Wednesday, May 30, 2012

Visiting American churches

When I used to vacation in Europe (and even now that I live here), I always found myself visiting some chapel, church, or cathedral. Even though they start to resemble each other after a while, it's still fun to go inside to see what they look like.

The façade of St. Peter's. The tall bell tower is not part of the church; that's Albany City Hall.

So why not do the same thing when I'm traveling around in North America? Granted, the churches aren't as old, but they're still interesting. Of course, more and more churches get locked up to prevent vandalism, so you can't always go inside. On this trip we did get inside to see three churches. Three's a good number.

The nave looking toward the choir. The flags include those of the thirteen original Amercian colonies

This first one is Saint Peter's Episcopal church on State Street in downtown Albany. The current building dates from 1859. I've passed by this building all my life without ever taking notice of it. Until recently. While walking after lunch a couple of weeks ago we noticed that the doors were open, so we went in to have a look. It's even more amazing on the inside than it is on the outside.

Detail inside the choir.

The architectural style is French decorated Gothic. While we were inside, the organist was practicing, so we got to hear snippets of whatever it was he was playing on the impressive pipe organ. Very churchy. I was amazed by the brightly painted timber-framed vaulted ceiling.

The rose window and organ pipes.

Ken, Evelyn, Lewis, and I walked around inside for about fifteen minutes taking photos. As I'm sure I'll remind you often in the coming weeks, I was using my new camera and still learning how it works, especially in different lighting situations. All these shots are hand-held (no tripod) in low light, so they're a bit fuzzy, but they still give you the idea.

10 comments:

  1. What a beautiful place. Maybe I'll have to go back inside St. Pat's in NY the next time I'm there. I love when you apologize for your photos. Your worst are better than my best!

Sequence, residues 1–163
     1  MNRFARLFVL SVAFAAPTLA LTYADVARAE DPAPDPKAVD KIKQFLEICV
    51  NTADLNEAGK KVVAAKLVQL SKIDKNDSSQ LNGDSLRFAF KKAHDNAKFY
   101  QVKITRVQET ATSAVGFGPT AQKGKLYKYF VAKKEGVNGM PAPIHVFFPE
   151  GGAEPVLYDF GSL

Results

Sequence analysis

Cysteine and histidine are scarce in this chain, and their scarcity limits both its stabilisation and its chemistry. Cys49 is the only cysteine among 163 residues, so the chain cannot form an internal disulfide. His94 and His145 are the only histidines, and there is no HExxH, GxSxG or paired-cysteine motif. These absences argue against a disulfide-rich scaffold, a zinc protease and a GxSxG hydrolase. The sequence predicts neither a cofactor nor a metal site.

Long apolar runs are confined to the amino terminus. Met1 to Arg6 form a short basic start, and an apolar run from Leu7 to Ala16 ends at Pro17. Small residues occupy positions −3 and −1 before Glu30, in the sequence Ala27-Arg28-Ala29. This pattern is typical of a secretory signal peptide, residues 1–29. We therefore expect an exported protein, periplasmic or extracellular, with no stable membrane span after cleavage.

ReplyDelete
  2. I love church pics, thanks.

    ReplyDelete
  3. I love the way the altar is glowing in the second photo. I'm so glad that we were able to visit this church. Albany is a great place to visit.

    ReplyDelete
  4. Amazing ceiling! It looks worth a visit (though it's a bit far from here!)

    ReplyDelete
  5. They are beauties (your photos), and that church is amazing!!

    My dad had an expression that he used all the time to mean that you had a lot of something: "up State street", as in, "They had troubles up State Street.", or "That hardware store had nails up State Street." :)) (There was a State Street in their town in Massachusetts, too.)

    ReplyDelete
  6. The ONLY thing I like about churches is the architecture. Isn't it interesting that the most ornate are catholic?

    ReplyDelete
  7. Judith

    I believe that there is a State Stree in every town or city in the NE of the US. Seems to me that wherever I go , it is either State or Main street :-)

    In the Atlantic provinces it is water or main street.

    ReplyDelete
  8. Walt,

    Beautiful! We also have a "St. Peter's" church here a few blocks away from where I am typing this comment. However, this is an Episcopal Church located in the center of Lewes, Delaware. As you know (or might not) Lewes is the firs town in the first state in America. Lewes was originally settled by the Dutch in 1631. I don't know how old the church is but I suspect it is about that old too. A couple of months ago while I was taking photos in their beautiful cemetery I noticed that the door was open so I went inside for a peek. Absoultely beautiful. I will post those pictures in a future blog. Thanks for giving me the idea.

    ReplyDelete
  9. I love a beautiful church; they are so much more spiritual than the post Vatican II buildings I know. I used to joke you can find the local Catholic church by finding the ugliest building in town.

    ReplyDelete
  10. mitch, I don't think I've ever been in St. Pat's. One of these days. And your photos are beautiful. Just remember: you never see my worst.

    bettyann, you're welcome!

    evelyn, I'm glad you liked it! I love playing tour guide.

    morningaj, it sure is, on both counts. ;)

    judy, that's a very interesting expression. I wonder where it comes from?

    starman, they like to worship idols. ;)

    t.b., there's also a State Street (that great street) in Chicago.

    ron, this church is Episcopalian, too. And Albany was found by the Dutch in 1609, then settled in 1614, so I think it pre-dates Lewes. I'll have to look that up to be sure. :)

    michael, most of the churches (and cathedrals) in France are of the Catholic variety and they're quite beautiful. Still, I know what you mean. :)

    ReplyDelete

Pour your heart out! I'm listening.